I have a little trivia question for everybody in light of all the columns and blog posts being written about the Mike Daisey controversy.
Who said the following:
"It seemed best for the story if this were kept a little vague, I thought it would be lousy and undermining and killjoyish if—at the end of a story—a radio host came on and said 'that wasn't true.' Seemed nicer and more artful to simply raise the possibility that it might or might not be true. I figured: the audience is smart. A little goes a long way."
If you guessed Mike Daisey, you would be...wrong!
It was Ira Glass.
In 2008 Jack Shafer wrote a piece for Slate about a This American Life episode that aired a story originally told at the popular storytelling event The Moth. The storyteller in this case was none other than Malcolm Gladwell, author of The Tipping Point, Blink, Outliers and other bestsellers.
The story Gladwell told was funny and witty, but also contained parts that were at best unverifiable, and at worst completely made-up.
Shafer's reporting is interesting as it is almost a miniature version of the controversy that has arisen over excerpts from Mike Daisey's theatrical performance of The Agony and Ecstasy of Steve Jobs that were also broadcast on This American Life.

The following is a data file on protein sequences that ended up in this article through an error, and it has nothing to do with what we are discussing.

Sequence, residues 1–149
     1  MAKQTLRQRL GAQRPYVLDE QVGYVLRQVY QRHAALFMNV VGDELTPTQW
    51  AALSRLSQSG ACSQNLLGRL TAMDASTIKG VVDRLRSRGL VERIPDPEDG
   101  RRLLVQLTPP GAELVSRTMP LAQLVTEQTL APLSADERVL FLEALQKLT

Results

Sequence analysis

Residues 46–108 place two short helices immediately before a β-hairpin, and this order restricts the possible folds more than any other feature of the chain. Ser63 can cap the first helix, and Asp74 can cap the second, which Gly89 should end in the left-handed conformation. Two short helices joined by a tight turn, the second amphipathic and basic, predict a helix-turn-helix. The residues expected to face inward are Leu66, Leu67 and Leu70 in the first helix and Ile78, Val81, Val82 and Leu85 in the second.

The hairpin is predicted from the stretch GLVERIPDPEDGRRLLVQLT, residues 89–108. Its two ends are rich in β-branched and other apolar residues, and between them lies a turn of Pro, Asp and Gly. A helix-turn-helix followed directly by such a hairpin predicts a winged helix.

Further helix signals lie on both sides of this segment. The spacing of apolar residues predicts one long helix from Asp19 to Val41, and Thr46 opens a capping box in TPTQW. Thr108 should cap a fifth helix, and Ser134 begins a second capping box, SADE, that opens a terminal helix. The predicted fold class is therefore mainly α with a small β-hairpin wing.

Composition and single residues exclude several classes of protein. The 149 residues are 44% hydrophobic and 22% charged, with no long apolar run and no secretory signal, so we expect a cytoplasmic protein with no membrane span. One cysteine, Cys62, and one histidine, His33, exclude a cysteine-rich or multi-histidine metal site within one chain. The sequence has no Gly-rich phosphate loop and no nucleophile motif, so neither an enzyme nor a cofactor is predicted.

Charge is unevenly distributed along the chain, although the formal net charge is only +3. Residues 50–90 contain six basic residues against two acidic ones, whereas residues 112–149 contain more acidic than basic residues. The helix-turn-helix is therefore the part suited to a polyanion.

However, unlike the tenor of the "Retraction" episode of This American Life, in which Ira Glass grills Daisey over fabrications and constantly assures listeners that TAL is journalism with the highest standards, the moods of Gladwell and Glass in the Shafer article seem to be the opposite of the positions of Glass and Daisey.
In the Shafer piece, Gladwell seemed hesitant to the idea of the story running on This American Life and says that he was assured it would be aired with a disclaimer clearly stating parts of it were made-up. Whereas, when contacted by Shafer, Glass offers the quote with which I started this post.
Yes, back then, Ira Glass chose being "artful" over being factual. This is almost precisely the ground that Mike Daisey is retreating to in this current controversy.
And if you want a double irony, the Moth story Gladwell told and Glass chose to broadcast, (apparently knowing there were fabrications in it,) is about playing loose with journalistic standards.
Of course, Daisey's case is different in that his piece is alleging a corporation's unethical activity and he is specifically using it as a piece of advocacy.
I just wanted to point out that Ira Glass and This American Life do not appear to have a consistent policy or even a consistent attitude towards vetting and disclosure on their program.